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Boricua27

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Good night, forums. I imagine some may be wrapping up their personal statements.
I want to say, for example, "Doctors are good. Doctors care." Would you as an MS4 include yourself in the collective "doctors"? Doctors are good. We care. Or do we respect the title of doctor until the end of 4th year? Doctors are good. They care.
This keeps coming up in my writing. Let me know what you think.
 

Donald Juan

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I'd avoid referring to yourself as a doctor. It has potential to turn some people off because you haven't really experienced being a physician yet, and you have little to gain from putting it in.
 
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Lexdiamondz

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Yeahhhh you're not a doctor. As a PGY-1 I barely feel like one.
 
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LyMed

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By definition you are not a doctor, and shouldn't write that you are in your PS. Also I don't know the content of your PS, but your statement might be stronger by focusing on yourself as an individual, instead of speaking as a collective.
 
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deleted480308

Your statement is also arguably false. It implies that they are all good and that they all care.....and that's not true
 
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tyrsa

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You should write something along these lines:

Doctors are good. We* care.

*Doctor status pending residency completion. Only valid in the 50 states and US territories. Void where prohibited.
 
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Cura_te_ipsum

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Good night, forums. I imagine some may be wrapping up their personal statements.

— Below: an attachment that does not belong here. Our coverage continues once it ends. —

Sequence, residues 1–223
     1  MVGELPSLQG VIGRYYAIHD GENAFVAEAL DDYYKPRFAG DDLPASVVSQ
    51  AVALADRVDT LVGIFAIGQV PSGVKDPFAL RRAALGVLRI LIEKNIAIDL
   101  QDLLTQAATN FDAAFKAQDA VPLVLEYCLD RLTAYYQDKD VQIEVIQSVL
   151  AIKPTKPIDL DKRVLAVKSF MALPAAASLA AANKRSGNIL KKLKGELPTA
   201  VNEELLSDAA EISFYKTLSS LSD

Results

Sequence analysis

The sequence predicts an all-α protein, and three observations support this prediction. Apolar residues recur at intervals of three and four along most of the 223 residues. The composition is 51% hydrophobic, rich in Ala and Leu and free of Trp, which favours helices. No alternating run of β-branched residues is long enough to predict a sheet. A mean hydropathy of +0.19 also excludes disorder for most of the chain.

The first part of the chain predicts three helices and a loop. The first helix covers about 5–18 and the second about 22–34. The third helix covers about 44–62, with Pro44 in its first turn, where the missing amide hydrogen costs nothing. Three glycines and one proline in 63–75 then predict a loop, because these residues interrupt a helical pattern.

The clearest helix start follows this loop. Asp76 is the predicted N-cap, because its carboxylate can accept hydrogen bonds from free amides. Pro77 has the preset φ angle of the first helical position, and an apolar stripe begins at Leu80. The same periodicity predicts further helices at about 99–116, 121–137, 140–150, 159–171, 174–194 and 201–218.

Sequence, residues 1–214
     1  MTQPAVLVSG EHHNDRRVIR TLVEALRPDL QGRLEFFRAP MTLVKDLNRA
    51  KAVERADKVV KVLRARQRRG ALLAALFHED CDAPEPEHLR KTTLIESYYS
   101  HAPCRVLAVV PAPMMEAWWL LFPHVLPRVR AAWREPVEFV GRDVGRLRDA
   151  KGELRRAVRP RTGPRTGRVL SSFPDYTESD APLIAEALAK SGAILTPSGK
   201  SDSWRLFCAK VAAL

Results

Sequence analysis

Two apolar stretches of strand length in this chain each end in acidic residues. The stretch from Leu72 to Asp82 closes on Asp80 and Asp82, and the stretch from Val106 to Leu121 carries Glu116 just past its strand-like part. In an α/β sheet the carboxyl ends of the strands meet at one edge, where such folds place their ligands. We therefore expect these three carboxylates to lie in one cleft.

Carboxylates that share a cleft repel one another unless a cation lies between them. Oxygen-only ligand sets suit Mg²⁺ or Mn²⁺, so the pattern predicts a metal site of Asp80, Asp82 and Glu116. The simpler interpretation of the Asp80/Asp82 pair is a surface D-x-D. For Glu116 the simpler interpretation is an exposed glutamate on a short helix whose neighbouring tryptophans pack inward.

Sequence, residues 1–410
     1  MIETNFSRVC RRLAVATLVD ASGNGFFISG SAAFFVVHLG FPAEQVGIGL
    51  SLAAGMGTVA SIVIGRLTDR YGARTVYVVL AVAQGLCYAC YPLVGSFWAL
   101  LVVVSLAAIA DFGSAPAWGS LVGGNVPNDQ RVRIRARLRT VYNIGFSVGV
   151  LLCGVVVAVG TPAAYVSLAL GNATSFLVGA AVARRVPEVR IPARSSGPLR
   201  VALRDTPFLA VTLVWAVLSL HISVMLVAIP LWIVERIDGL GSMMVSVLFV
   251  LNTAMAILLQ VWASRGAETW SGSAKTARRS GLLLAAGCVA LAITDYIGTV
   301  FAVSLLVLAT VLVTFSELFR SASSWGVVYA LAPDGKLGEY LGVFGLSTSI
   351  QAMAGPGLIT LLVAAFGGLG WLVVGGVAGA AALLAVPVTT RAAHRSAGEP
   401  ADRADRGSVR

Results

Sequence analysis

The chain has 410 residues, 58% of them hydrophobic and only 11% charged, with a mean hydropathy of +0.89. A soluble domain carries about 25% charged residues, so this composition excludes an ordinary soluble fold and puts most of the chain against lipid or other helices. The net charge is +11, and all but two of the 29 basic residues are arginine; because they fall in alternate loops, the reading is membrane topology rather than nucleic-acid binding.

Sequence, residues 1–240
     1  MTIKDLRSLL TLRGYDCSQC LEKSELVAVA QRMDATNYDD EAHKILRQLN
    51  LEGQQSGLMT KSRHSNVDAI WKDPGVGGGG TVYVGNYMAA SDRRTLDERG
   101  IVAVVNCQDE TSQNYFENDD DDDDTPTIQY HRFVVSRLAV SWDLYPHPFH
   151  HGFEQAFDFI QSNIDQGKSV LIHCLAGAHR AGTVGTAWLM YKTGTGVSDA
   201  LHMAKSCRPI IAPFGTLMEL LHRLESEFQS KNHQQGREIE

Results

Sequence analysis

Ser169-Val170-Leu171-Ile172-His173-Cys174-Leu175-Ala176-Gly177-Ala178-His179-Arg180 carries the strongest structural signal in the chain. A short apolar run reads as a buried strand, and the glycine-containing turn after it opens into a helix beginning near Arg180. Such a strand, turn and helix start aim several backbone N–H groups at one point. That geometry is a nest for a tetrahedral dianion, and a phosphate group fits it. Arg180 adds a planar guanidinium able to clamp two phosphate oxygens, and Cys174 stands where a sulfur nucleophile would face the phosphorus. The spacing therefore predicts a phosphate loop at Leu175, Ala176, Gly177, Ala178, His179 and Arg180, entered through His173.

I want to say, for example, "Doctors are good. Doctors care." Would you as an MS4 include yourself in the collective "doctors"? Doctors are good. We care. Or do we respect the title of doctor until the end of 4th year? Doctors are good. They care.
This keeps coming up in my writing. Let me know what you think.

In most cultures (Latin America, European, Asian), medical students are called Doctor. You know this from your experience in Puerto Rico. However, US Americans medical types are really uptight and snobbish (arrogant). If you are writing to an audience in the USA, referring to yourself as Doctor will cost you dearly. So refrain from doing so

While PR has its many problems right now, the USA has its own problems on a cultural level: hostile, divisive, polarization, discontent and more. Tread lightly when it comes to US Americans. Their's is one of great insecurity, a high misery index within medicine, and extremely inhospitable. Be aware. It isn't an atmosphere of "you and me" (tu y yo) but rather "you or me" (tu o yo)

Check the US news media sites and you can read the divisiveness within US America. Breitbart vs NY Times, Fox News vs Washington Post, conservative vs liberal. It is crazy. You will be walking into a hot situation to say the least. Still its the best place to study/train as a physician. Get your training and then leave or build your own business model. America, in the end, is about money

Exito!
 
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el_duderino

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Echoing the above, don't call yourself doctor. Also, I hope the example you used isn't what you actually plan to say. It's trite, meaningless, and false. Don't use your M4 personal statement to tell doctors how doctors feel.